Most states in the US don’t require a license to use a private e-scooter, but some states do. Riders should inquire about their local laws for their specific requirements.
For more information on e-scooters regulations in the US, click here.
E-mopeds and e-scooters differ in terms of their top speed, weight, seat availability, and safety requirements.
Mopeds have higher top speeds, on average 30 MPH, while e-scooters speeds vary greatly depending on the make, model and intended use, but on average commuter e-scooters have an average speed of 15-20mph.
Mopeds can weigh anything between 200-300 lbs, a bit too much to carry them comfortably into the office. On the other hand, e-scooters weigh only between 15-30 lbs which greatly increases their portability and makes it easier to get to work without having to find a parking spot, especially useful in highly-congested urban areas.
The Apollo Air, a compact version of the Apollo City, offers a nimble and efficient ride with a top speed of 21 mph and a 34-mile range in eco-mode. Despite its smaller size, it's packed with features like dual fork suspension, puncture-proof tires, IP66 water resistance, and safety-enhancing lights and turn signals, making it a smart, smooth, and safe commuting choice.
The most obvious difference between the two vehicles is that mopeds come with a seat, while e-scooters, usually, do not. It can be a bummer in case of longer trips. But some brands are coming up with ways to address that issue and make it possible to install a seat on their e-scooter. Look at how Apollo Scooters dealt with that particular issue. Do you like it? It looks rad, doesn’t it?
Given their smaller size, mopeds might not be as visible when you're zipping around on busy roads with larger vehicles. Naturally, this can up the risk factor a bit. That's why it's super important to stay alert and always wear a helmet - it's not just a good idea, it's the law.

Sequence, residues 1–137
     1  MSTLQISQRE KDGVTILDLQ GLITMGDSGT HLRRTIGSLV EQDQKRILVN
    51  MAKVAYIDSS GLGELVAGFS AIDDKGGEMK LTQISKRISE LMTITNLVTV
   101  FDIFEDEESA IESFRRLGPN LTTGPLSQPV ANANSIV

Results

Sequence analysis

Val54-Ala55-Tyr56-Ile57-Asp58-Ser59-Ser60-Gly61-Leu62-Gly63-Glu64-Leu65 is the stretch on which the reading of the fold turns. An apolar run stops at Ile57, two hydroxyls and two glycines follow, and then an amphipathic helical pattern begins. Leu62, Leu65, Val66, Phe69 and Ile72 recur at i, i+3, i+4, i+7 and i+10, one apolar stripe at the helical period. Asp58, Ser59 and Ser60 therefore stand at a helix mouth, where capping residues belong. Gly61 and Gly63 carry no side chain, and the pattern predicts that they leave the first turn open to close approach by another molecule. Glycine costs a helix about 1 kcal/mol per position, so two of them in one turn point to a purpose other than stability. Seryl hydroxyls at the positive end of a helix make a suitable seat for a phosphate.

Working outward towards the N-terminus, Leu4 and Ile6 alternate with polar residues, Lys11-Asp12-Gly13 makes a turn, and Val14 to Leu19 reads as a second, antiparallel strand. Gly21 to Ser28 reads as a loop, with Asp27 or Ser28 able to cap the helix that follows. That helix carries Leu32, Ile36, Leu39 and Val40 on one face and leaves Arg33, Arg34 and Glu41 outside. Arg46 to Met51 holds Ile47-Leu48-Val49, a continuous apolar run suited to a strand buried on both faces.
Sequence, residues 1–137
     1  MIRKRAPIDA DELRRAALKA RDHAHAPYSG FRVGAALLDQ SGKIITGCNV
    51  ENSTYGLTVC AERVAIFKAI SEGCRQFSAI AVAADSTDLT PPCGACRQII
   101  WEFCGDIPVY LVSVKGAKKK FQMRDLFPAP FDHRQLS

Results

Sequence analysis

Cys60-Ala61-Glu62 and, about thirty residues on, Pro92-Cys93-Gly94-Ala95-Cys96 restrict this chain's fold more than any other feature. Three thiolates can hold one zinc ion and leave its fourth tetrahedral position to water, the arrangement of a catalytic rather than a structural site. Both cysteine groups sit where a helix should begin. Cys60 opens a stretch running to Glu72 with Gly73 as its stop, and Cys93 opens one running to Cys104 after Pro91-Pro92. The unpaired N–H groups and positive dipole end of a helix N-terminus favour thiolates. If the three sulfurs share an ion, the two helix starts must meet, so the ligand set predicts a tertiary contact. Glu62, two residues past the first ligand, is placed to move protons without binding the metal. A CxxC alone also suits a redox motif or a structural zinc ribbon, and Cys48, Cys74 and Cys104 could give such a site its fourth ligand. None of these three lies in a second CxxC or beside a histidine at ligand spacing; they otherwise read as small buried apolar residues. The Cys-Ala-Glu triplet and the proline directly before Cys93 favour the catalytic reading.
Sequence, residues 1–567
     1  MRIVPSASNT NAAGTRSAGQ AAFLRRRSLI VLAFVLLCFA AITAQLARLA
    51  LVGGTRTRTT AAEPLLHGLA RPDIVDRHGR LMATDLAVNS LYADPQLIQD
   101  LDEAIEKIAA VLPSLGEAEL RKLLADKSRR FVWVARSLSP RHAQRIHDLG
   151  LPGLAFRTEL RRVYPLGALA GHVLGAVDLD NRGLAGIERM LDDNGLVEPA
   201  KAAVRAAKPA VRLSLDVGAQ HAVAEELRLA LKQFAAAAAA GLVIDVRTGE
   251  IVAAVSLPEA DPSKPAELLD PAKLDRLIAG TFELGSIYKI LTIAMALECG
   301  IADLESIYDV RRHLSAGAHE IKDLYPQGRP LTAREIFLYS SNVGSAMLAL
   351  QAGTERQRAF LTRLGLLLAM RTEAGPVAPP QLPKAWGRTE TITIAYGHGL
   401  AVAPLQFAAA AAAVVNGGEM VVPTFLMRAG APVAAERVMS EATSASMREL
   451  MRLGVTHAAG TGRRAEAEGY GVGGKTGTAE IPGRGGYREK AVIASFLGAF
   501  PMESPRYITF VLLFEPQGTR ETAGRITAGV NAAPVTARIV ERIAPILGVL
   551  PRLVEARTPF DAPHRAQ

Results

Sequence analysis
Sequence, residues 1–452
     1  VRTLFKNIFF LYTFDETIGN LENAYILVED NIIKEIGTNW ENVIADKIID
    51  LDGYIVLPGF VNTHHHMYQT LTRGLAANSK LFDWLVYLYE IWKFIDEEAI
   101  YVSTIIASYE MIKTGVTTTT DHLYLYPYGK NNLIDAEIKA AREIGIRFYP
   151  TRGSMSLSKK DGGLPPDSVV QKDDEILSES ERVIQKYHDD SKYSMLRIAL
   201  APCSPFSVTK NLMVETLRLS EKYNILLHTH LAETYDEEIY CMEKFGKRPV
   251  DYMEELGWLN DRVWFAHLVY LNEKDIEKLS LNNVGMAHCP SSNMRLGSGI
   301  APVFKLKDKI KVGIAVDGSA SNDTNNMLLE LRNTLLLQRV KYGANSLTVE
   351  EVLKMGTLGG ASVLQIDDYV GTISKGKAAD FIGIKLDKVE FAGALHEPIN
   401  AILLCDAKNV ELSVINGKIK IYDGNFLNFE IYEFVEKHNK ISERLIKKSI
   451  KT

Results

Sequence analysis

E-scooters can definitely hit some high speeds. But since you're not exactly in the same category as cars or motorcycles, and more along the lines of cyclists, the risks aren't quite as high. Even so, popping on a helmet is still a smart move. It might not be a requirement, but hey, better safe than sorry, right?
Whether you're riding a moped or an e-scooter, remember, every vehicle has its risks - motorized or not. So, keep that helmet handy and take advantage of any safety measures you can.
When it comes to zipping around the city, electric mopeds and scooters each have their own sweet spots.
Think of mopeds as your long-haul buddies. They're great for those longer trips, and with a seat included, they're all about comfort. They're a bit heavier and faster, but keep in mind, that you'll probably need a license and registration for these guys.
Now, e-scooters, they're perfect for quick hops around town or that daily commute. Plus, you can skip the whole rigmarole of licensing and registration.
So, when it comes down to it, the best pick really depends on what you're after - whether it's comfort, travel distance, or just ease of use. It's all about finding the right ride for your needs.